Confed chair Lord Adebowale and NHS England chair Richard Meeddings gave a pair of strong opening speeches.

NHSE director of *ahem* strategy Chris Hopson told delegates that the long-awaited workforce strategy was "a really good and impressive piece of work".

Mmmmmmmmm. Right. So when is it being published, Chris?

"Soon". Ah. That best of all deadlines.

Fire with Amanda Pritchard

NHSE chief executive Amanda Pritchard's speech also mentioned the workforce plan, of which she said "its (sic) first, medium and last in our priorities (what?) ... I’m hopeful that the Long Term Workforce Plan will be published very soon".  

That is NHS England's workforce plan, Amanda: the organisation of which you are (pro tem) the actual chief executive.

Her assertions ranged from the absurd

"locally, ICSs are not just words in a statute book, they have become a way of working" (while NHSE cut their management budgets by 30%;  force them to lie about hitting financial balance; and put them into special measures if they don't lie about finances)

to the fictional

"We’re only a year into ICSs, but we are a year in (again, what?) ... we have co-created our new Operating Framework, bringing shared understanding to how we all work together"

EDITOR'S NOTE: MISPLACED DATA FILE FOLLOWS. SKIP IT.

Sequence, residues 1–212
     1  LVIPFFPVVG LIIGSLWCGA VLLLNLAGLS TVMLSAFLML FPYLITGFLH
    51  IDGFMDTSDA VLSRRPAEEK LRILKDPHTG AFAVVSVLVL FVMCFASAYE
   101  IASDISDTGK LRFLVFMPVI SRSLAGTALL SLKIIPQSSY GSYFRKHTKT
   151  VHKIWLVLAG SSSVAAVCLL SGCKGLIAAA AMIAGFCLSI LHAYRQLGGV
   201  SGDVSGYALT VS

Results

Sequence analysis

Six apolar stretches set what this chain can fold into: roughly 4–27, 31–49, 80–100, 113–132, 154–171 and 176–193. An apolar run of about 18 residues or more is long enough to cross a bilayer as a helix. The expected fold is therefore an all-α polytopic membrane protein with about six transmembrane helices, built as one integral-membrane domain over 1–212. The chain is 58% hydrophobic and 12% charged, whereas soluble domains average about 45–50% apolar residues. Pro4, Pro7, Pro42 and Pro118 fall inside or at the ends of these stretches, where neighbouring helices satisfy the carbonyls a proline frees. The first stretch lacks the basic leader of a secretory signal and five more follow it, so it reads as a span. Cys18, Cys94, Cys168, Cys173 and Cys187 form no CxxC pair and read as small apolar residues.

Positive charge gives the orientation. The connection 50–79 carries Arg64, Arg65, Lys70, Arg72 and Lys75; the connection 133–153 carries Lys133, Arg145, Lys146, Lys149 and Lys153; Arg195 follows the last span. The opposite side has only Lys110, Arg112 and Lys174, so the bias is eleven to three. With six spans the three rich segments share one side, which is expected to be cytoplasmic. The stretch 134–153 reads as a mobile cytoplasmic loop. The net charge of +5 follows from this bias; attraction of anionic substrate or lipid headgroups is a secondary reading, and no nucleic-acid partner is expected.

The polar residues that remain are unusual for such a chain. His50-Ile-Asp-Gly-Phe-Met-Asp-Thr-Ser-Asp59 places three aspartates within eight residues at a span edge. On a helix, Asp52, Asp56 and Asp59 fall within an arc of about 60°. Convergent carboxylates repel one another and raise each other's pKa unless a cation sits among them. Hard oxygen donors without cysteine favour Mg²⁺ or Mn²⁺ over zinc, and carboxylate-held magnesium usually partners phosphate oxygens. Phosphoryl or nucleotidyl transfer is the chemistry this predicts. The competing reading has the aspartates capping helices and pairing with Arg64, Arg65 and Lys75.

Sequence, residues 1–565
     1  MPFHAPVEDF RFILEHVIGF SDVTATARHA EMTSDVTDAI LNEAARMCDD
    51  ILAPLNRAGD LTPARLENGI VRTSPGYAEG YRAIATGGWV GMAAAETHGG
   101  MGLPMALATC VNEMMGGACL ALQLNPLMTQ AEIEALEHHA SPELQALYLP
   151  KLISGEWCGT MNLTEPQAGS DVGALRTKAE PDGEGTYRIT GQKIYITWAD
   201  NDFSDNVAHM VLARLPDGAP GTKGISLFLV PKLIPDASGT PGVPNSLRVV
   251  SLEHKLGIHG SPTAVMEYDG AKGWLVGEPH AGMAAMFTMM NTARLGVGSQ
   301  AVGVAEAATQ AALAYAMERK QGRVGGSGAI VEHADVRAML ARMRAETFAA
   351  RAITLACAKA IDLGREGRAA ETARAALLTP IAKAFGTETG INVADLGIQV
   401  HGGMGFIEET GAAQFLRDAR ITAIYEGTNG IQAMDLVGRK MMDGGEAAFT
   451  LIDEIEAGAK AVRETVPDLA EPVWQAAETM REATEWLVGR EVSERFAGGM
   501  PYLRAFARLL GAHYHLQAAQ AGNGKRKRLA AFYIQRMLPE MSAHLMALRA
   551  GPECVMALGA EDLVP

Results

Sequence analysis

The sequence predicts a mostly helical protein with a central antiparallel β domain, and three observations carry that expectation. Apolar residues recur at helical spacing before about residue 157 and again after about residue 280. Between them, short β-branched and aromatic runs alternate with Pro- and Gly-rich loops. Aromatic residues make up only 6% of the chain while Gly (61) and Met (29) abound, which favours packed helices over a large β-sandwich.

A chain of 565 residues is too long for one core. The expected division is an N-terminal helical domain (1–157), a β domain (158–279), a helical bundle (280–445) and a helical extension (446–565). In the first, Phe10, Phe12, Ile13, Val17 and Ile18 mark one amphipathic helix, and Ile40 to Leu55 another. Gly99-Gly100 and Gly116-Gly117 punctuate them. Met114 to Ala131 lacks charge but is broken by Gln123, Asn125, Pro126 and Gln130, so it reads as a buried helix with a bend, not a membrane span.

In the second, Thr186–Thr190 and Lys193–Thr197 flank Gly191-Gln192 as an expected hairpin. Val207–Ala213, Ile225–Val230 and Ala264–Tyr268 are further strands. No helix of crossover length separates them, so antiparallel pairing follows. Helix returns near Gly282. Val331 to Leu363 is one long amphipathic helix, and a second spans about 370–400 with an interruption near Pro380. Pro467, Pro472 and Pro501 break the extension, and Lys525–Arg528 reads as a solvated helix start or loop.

and on to the farcical

"the NHS in England living within its means, despite the real pressure on budgets caused by inflation, and in doing so delivering more than five billion pounds of efficiencies" (HSJ revealed billions of unspent Covid19-era cash was used to balance the books last financial year; nobody in their right mind believes this year's financial plans; and the £10 billion estates backlog (mostly urgent) could use some of that fictional £5 billion in efficiency gains).

Ms Pritchard also said, "the NHS is facing challenges. They are different challenges, but they are just challenges". It is among the worst lines you could write, let alone say. Her aim was, she told delegates “to fire you up”: ironic when so much of the system is on fire.

After her speech, at the start of the Q&A, Pritchard said that she was "slightly discombobulated by the number of people now leaving”: an auto-nationalisation of a public self-own, as well as working perfectly on multiple levels.

This was a truly dire speech, devoid of internal logic. I cringed so hard, I think I might have broken something.

It was aimed at an audience of one: Health But Social Care Secretary Steve 'The Banker' Barclay. Its whole subtext was 'please don't sack me', with a side order of 'the NHS is good, people like it'.

Her personal workforce plan/plea seems unlikely to, erm, work. Mr Barclay clearly doesn't rate her; nor does the Sunak 10 Downing Street operation: they openly discuss this, and say how much they'd prefer Sir Jim Mackey.